Posts Tagged ‘Arizona’


December 3, 2011

The Buckeye Valley Museum, established in 1954, is housed in a building whose facade was designed to resemble the front of the old Kell mercantile. The historical society’s mission is to preserve and share the history of Buckeye, Arizona and its surrounding communities with emphasis on farming. Its collections include historic photographs, family histories, Hohokam pottery and artifacts from the early establishment of the Town of Buckeye and Buckeye High School yearbooks dating back to 1928.

The prehistoric Hohokam people lived and farmed in the Buckeye Valley more than one thousand years ago. They grew cotton, beans, corn and squash in irrigated fields near their villages along the Gila River. Cactus fruit and mesquite beans along with rabbits and deer were an important part of their diet. Visitors to the museum will see an impressive collection of Hohokam clay pottery, stone and shell jewelry, arrows, axes and other stone tools. They used stone manos (grinding stones) and metates (rock slabs) to grind corn and mesquite pods to make flour.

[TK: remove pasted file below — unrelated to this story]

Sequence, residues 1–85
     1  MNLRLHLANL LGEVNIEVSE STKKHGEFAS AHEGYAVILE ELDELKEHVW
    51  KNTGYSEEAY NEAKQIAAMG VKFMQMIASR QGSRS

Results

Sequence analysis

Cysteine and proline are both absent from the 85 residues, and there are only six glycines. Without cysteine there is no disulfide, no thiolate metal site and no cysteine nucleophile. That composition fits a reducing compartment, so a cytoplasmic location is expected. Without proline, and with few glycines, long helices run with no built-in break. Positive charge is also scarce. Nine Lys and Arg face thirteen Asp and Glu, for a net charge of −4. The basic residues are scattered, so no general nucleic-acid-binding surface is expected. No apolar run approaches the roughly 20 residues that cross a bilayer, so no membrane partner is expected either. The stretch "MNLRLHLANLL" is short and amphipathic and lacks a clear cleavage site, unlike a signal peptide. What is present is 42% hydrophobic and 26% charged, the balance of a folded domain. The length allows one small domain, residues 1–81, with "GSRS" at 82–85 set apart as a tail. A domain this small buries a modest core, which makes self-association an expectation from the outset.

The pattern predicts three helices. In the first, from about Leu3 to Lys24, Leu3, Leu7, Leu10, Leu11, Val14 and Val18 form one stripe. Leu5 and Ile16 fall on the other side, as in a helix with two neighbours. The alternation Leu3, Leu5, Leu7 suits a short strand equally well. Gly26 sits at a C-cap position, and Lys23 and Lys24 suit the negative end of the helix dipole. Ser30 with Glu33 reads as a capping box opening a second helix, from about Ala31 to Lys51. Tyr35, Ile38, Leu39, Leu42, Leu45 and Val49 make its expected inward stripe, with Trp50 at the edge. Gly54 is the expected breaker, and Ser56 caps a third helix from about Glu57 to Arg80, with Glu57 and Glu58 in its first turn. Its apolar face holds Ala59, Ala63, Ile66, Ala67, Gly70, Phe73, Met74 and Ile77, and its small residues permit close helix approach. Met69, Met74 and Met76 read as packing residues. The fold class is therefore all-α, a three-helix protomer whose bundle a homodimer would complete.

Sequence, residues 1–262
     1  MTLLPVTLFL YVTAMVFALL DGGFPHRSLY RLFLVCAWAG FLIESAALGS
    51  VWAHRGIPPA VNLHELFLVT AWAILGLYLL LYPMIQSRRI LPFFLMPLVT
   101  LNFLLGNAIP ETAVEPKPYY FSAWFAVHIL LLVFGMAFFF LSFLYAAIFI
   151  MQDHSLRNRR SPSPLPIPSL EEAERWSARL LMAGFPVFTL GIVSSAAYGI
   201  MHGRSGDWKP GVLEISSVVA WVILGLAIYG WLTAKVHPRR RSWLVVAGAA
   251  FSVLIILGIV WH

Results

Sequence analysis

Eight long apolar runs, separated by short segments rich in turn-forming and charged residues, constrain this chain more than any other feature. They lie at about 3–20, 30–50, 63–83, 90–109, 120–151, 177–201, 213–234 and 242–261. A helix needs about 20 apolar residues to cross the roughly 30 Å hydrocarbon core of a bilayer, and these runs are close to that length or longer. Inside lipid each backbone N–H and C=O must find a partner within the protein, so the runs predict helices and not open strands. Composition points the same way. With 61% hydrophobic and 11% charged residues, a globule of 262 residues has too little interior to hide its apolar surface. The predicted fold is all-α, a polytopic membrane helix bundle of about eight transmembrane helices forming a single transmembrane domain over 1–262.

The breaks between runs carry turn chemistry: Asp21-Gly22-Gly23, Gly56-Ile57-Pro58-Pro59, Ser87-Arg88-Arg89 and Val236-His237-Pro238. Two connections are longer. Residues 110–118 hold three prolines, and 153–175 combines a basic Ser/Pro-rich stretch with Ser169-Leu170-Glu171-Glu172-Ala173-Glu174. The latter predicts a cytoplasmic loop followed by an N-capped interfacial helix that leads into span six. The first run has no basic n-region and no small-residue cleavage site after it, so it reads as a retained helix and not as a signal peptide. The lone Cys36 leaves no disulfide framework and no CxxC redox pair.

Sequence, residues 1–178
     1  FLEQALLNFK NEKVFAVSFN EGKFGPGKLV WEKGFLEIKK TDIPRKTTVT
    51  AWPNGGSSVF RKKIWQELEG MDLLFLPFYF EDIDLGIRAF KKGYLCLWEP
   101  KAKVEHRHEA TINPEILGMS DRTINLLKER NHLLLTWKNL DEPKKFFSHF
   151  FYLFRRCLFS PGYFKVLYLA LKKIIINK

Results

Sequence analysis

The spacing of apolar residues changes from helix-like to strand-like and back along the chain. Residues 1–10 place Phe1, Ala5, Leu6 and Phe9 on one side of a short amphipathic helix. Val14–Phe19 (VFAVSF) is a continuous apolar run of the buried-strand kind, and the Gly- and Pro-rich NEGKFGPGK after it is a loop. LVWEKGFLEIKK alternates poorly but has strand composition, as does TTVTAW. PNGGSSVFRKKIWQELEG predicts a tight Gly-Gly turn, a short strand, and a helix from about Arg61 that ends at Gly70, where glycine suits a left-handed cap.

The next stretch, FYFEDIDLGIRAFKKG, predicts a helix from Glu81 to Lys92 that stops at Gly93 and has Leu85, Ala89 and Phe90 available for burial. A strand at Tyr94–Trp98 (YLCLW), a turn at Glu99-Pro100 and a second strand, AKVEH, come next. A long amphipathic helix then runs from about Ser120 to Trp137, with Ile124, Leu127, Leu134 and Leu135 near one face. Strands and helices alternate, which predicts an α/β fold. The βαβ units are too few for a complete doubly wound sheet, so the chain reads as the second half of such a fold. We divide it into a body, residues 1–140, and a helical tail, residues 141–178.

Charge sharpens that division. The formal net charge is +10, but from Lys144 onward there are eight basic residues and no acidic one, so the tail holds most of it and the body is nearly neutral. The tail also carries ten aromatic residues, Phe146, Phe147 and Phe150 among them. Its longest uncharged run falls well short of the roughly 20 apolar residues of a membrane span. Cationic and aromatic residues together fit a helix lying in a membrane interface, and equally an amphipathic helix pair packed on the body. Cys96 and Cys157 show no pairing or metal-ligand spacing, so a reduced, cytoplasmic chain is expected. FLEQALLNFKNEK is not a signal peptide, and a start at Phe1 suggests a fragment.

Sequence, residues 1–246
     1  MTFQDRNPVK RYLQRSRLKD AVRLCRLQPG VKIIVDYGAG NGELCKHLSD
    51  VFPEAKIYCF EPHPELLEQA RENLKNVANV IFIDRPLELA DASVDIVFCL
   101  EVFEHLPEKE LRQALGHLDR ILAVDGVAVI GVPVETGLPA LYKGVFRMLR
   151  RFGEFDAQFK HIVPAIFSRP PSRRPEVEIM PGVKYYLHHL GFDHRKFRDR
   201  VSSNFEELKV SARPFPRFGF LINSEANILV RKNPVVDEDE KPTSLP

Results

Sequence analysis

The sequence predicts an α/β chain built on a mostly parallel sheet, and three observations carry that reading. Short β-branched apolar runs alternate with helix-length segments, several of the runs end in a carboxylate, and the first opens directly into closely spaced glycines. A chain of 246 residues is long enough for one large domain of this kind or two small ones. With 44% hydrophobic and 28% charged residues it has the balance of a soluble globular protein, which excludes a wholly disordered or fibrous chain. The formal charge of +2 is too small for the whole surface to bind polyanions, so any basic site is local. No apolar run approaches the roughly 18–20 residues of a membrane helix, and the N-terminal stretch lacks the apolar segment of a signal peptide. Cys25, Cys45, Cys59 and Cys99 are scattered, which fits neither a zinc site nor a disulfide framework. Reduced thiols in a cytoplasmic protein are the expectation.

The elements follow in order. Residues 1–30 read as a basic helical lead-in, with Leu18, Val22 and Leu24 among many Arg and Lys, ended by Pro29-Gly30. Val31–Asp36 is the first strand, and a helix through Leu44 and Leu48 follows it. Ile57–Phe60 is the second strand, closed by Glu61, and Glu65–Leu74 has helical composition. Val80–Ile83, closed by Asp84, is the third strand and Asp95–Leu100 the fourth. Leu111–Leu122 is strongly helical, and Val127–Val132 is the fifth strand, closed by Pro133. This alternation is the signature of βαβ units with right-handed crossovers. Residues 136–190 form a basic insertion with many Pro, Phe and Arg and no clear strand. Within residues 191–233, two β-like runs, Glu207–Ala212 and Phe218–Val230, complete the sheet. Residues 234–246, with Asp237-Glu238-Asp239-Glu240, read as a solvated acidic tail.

Early settlers in the Buckeye Valley who made the community’s history were farmers and their families who grew crops, built houses and made their own tools. When a group of settlers left Ohio and arrived in the area in 1888, it was the start of what is now the town of Buckeye. Malie Monroe Jackson built a canal to help haul water to his crops and named the canal Buckeye, in honor of the state of Ohio. At first the town was called Sydney. Later when the town wanted to incorporate as Buckeye, the residents had to get a court order from the Arizona State Supreme court allowing them to do so. In 1885, a group of investors from Ohio led by Malie Monroe Jackson, an Ohioan, built a canal in the desert west of Phoenix. A year later when the canal was in operation Thomas Clanton, a homesteader near the canal, applied to the United States Postal Service for a post office. The Postal Service granted the request and named the new home post office Buckeye.